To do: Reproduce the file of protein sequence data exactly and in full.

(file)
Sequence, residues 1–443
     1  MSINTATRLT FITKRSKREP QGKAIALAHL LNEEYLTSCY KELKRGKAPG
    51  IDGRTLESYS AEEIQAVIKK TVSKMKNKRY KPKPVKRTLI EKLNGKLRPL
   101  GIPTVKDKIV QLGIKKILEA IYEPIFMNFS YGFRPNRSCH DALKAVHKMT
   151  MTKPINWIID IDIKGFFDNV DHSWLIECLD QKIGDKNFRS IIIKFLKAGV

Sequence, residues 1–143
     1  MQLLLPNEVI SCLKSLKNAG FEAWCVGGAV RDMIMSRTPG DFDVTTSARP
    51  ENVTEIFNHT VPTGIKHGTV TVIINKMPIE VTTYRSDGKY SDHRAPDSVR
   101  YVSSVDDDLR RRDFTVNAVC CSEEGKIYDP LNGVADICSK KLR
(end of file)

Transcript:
Sequence, residues 1–443
     1  MSINTATRLT FITKRSKREP QGKAIALAHL LNEEYLTSCY KELKRGKAPG
    51  IDGRTLESYS AEEIQAVIKK TVSKMKNKRY KPKPVKRTLI EKLNGKLRPL
   101  GIPTVKDKIV QLGIKKILEA IYEPIFMNFS YGFRPNRSCH DALKAVHKMT
   151  MTKPINWIID IDIKGFFDNV DHSWLIECLD QKIGDKNFRS IIIKFLKAGV

Sequence, residues 1–143
     1  MQLLLPNEVI SCLKSLKNAG FEAWCVGGAV RDMIMSRTPG DFDVTTSARP
    51  ENVTEIFNHT VPTGIKHGTV TVIINKMPIE VTTYRSDGKY SDHRAPDSVR
   101  YVSSVDDDLR RRDFTVNAVC CSEEGKIYDP LNGVADICSK KLR